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What can ancient DNA tell us about migrations into ancient Britain?

by on 2022/03/09

This blog was written by Dr Manuel Fernández-Götz (School of History, Classics and Archaeology, University of Edinburgh).

Ancient DNA (aDNA) studies are revolutionising our understanding of the human past, particularly through the identification of migrations in prehistoric times. The interpretation of migratory movements has been heavily debated in archaeology since the 19th century. While the appearance of new objects or cultural traditions in a region can sometimes point to the arrival of new populations, other alternative explanations such as trade or diffusion of ideas are often also possible. Over the last two decades, the increasing application of bioarchaeological methods, e.g. aDNA analyses, is helping to shed new light on old debates, as well as to uncover hitherto unknown scenarios of large-scale migrations. This is the case with a new study first published in December 2021 in Nature, which suggests the existence of large-scale migratory movements from continental Europe into Britain during the Middle to Late Bronze Age, more specifically in the period from ca. 1300-750 BC. 

This research is part of the large-scale projects undertaken in recent years by the Harvard genetics lab directed by Prof David Reich and his collaborators around the world. In this case, the article brings together over 200 scholars (myself among them), including the team led by Prof Ian Armit from the University of York, who is directing the COMMIOS Project, funded by the European Research Council. In this paper, the authors bring together the results from sequencing the genomes of nearly 800 Bronze and Iron Age individuals from Britain and various parts of the European continent. The results corroborate the existence of significant connectivity across the English Channel in the Middle and Late Bronze Age, including not only the movement of goods, but also people. The most notable outcome of the analyses is that Early European farmer (EEF) ancestry, coming from the continent, increased significantly in England and Wales between 1000 and 875 BC, due to the arrival of migrants during this period and in the immediately preceding centuries. These newcomers seem to have been genetically most similar to individuals from France, although their precise area of origin still needs to be further determined by future studies.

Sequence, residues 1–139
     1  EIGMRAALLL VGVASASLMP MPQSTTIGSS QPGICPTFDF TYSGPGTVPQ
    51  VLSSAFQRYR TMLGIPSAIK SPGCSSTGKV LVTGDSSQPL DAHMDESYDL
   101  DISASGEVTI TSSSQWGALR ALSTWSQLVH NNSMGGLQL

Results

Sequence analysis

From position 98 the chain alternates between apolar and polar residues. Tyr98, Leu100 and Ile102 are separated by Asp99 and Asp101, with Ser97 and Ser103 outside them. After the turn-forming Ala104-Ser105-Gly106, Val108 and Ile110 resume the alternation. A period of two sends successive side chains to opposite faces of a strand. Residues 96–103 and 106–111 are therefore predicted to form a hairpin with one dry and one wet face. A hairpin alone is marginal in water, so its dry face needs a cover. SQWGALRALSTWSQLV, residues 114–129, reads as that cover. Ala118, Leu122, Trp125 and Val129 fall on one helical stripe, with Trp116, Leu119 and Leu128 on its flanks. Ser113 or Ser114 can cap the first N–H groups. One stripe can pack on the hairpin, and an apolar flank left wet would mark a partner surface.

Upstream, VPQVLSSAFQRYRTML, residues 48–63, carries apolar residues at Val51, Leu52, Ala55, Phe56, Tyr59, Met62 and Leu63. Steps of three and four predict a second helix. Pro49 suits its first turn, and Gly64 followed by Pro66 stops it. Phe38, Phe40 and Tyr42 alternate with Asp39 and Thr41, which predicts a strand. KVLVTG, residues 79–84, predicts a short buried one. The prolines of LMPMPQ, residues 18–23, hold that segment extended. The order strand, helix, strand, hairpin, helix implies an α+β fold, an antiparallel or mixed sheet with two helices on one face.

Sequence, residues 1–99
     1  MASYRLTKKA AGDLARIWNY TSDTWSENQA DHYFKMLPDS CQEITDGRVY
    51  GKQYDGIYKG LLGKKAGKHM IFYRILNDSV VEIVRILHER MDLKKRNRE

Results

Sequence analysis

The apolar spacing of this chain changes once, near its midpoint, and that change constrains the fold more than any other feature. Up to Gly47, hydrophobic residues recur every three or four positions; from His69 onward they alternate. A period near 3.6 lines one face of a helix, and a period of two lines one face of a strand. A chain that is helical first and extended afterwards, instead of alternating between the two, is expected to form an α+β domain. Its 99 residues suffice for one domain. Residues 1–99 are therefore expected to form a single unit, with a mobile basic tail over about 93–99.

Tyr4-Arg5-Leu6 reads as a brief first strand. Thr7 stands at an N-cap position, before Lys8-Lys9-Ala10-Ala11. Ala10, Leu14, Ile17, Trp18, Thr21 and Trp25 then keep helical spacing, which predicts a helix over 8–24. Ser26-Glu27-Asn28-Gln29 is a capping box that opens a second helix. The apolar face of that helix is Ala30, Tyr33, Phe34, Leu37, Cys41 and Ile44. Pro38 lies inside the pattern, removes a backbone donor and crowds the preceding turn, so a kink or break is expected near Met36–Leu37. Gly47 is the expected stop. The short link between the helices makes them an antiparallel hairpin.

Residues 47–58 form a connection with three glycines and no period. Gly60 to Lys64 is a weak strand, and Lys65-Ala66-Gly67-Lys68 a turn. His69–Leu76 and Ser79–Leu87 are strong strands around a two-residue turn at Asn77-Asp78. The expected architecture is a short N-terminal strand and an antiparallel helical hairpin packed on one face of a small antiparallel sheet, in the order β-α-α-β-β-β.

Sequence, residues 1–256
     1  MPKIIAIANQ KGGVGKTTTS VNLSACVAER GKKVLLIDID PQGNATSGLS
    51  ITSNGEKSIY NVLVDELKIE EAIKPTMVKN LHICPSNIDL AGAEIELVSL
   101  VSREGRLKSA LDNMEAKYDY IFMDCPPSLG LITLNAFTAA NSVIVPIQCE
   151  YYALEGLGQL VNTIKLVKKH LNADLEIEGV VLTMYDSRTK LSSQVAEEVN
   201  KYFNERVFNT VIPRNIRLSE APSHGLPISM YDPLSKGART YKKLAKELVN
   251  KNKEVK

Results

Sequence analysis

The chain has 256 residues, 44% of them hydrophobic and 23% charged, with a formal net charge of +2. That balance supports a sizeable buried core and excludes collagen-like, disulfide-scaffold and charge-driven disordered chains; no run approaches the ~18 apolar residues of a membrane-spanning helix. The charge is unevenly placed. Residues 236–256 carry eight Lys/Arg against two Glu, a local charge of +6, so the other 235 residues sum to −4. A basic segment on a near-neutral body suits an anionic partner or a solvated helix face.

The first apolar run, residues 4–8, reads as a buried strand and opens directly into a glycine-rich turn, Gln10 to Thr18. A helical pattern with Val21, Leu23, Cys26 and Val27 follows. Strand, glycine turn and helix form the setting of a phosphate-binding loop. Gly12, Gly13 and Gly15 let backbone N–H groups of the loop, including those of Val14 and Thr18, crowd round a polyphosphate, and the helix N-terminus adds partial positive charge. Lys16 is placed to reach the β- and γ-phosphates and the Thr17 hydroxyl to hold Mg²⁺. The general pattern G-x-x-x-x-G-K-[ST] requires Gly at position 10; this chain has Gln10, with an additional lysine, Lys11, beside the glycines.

Although aDNA does not tell us, in itself, what language people spoke, the combination of different strands of evidence (genetics, archaeology, and linguistics) allows for some plausible hypotheses to be established. In this sense, the new results from the Nature article open the possibility that Celtic languages could have been introduced to Britain from the continent as part of these Late Bronze Age population movements. This hypothesis would fit well with the idea of ‘Celtic from the centre’ as proposed in 2020 by Prof Patrick Sims-Williams (Aberystwyth University) on the basis of linguistic and archaeological evidence. According to him, it is likely that early Celtic languages spread from Gaul (mainly present-day France) into Britain in the first millennium BC. 

How was this article covered in the media? The publication has attracted wide media coverage in the UK and abroad, in most cases with a rather adequate representation of the data. The BBC explained the findings accurately while also giving context for its meaning, for example by stating that this migration from France may be how Celtic languages came to Britain. However, with a quote from an expert on aDNA from Trinity College Dublin (Dr Lara Cassidy), the article indicates the findings do not show for certain that this is how Celtic languages arrived in Britain, although it lends evidence to this idea. They included statements from co-authors of the study and independent experts in the field, strengthening the reporting of the research. 

The Daily Mail portrayed the findings largely accurately while also including useful maps, although the term ‘displaced’ used in the headline does not appear in the original article. A positive aspect of the Daily Mail report was the addition of boxes with extra, relevant information (e.g. explaining when the Bronze Age was and the practices associated with this period) to give the reader context for understanding the rest of the piece. This addition is helpful for interested readers with no background in prehistory. Both the BBC and the Daily Mail were clear about how the researchers did not know why this migration took place or where exactly the migrants came from although it was likely from France. 

Why is this research important? Celtic languages are still spoken in various Atlantic regions including Wales, Scotland, and Ireland, and researching their origins is not only relevant from an academic perspective, but also for people for whom the use of a Celtic language continues to represent an important part of their identity. On a broader level, aDNA corroborates that the history of humankind is one of migrations, since its very beginnings to the present, and that Britain is no exception to this. Looking at population movements and their impact from a ‘deep history’ perspective can contribute to a better understanding of present-day migrations and counteract isolationist narratives. People have always moved and mixed, to various degrees, and will continue to do so in the future. We are, very much, Homo migrans

From → Archaeology, History

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